Cops enforcing virus rules scuffle with ultra-Orthodox in Beit Shemesh

Police say three arrested, cruiser damaged; videos show fracas between locals massed on street and officers, young kids hurling stones at car with soldier inside

Police in Beit Shemesh in conflict with ultra-Orthodox men on October 6, 2020. (video screenshot)
Police in Beit Shemesh in conflict with ultra-Orthodox men on October 6, 2020. (video screenshot)

Police clashed with ultra-Orthodox men and children in the central city of Beit Shemesh Tuesday afternoon, in the latest outbreak of violence between the community and authorities enforcing coronavirus regulations that ban mass gatherings.

Police said three people were arrested during scuffles that broke out after officers were pelted with stones and other objects while patrolling the Heftziba neighborhood to enforce the national lockdown. The police were also denounced as “Nazis.”

Several vehicles were damaged, according to a police statement. No officers were reported as injured.

In a video of the incident, an officer could be seen being hit in the face with what appeared to be a can. Another officer raised his fist as if to strike a man, as the scene developed into a melee.

At several points, police could be seen shoving and dragging people, including a teen boy.

In another video, small ultra-Orthodox children attacked a car carrying a soldier. In the video, young kids could be seen seeing hurling stones at the car, smashing windows, as adults look on and appear to encourage them.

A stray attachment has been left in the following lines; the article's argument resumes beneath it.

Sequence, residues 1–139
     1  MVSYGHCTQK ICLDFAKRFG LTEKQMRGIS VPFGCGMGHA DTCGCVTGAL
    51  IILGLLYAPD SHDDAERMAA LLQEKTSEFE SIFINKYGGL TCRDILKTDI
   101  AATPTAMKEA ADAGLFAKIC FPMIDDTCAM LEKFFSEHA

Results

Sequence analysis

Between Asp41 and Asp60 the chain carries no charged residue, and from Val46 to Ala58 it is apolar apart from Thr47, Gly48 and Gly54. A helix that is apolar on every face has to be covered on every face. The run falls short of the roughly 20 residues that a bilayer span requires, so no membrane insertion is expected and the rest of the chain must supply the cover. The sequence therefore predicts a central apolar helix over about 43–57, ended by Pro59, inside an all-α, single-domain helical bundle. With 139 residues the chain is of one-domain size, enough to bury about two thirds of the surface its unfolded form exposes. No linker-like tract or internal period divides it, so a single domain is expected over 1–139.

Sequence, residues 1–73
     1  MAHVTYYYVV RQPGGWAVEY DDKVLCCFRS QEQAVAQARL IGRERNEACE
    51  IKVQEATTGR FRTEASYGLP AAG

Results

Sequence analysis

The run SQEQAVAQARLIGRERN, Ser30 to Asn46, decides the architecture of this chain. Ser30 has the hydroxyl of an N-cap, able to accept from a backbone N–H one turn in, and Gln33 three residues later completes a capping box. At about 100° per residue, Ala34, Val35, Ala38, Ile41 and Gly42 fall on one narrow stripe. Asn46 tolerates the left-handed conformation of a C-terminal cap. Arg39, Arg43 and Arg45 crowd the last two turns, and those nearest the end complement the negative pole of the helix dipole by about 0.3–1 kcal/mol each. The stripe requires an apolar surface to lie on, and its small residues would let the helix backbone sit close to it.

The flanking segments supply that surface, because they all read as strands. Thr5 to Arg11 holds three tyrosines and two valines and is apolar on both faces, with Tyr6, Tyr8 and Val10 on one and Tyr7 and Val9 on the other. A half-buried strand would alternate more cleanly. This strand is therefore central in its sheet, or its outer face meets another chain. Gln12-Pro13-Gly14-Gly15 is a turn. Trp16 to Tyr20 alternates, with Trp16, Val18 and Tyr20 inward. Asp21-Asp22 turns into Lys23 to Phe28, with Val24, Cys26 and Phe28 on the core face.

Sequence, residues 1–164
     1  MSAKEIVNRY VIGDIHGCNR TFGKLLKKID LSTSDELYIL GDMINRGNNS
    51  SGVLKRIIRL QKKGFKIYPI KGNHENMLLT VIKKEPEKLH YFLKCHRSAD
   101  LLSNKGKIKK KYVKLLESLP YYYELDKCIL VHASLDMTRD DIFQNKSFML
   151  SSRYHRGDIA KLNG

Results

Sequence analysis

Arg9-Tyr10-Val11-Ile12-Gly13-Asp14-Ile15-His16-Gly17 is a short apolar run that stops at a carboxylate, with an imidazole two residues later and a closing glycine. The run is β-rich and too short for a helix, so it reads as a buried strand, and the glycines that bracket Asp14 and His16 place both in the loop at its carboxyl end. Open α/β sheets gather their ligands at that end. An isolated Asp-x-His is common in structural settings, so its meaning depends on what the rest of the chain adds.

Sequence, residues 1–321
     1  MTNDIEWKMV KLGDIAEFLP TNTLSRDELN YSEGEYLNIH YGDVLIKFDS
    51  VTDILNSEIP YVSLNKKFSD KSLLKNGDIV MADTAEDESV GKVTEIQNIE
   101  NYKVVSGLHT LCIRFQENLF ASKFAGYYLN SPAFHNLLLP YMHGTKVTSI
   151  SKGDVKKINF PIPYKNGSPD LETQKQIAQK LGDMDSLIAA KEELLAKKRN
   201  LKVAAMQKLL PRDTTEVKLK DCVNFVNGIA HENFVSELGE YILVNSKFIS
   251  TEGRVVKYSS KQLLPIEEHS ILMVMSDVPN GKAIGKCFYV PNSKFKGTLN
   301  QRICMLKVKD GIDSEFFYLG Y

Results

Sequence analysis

Criticism of the ultra-Orthodox community has been growing in recent days, with reports showing that a significant number are disregarding lockdown restrictions during the Sukkot holiday, including by continuing to host mass gatherings.

Another video from Beit Shemesh on Tuesday showed masses of people dancing and marching toward police, who retreated backwards.

The ultra-Orthodox have seen soaring coronavirus infection rates with an assessment last week finding that the rate of infection in the community is 2.5 times that of the national average. Spiraling infections across the country prompted the current lockdown, the second this year. Although initially scheduled to be lifted at the end of the Sukkot holiday, officials have said it will likely continue for at least a week longer before any easing of restrictions takes place.

Police said Monday that they arrested 18 people overnight in Jerusalem for allegedly disturbing the peace and throwing stones at officers during an operation to enforce coronavirus regulations in ultra-Orthodox neighborhoods in the city.

There have also been clashes in the largely ultra-Orthodox city of Bnei Brak and the ultra-Orthodox West Bank settlement of Beitar Illit.

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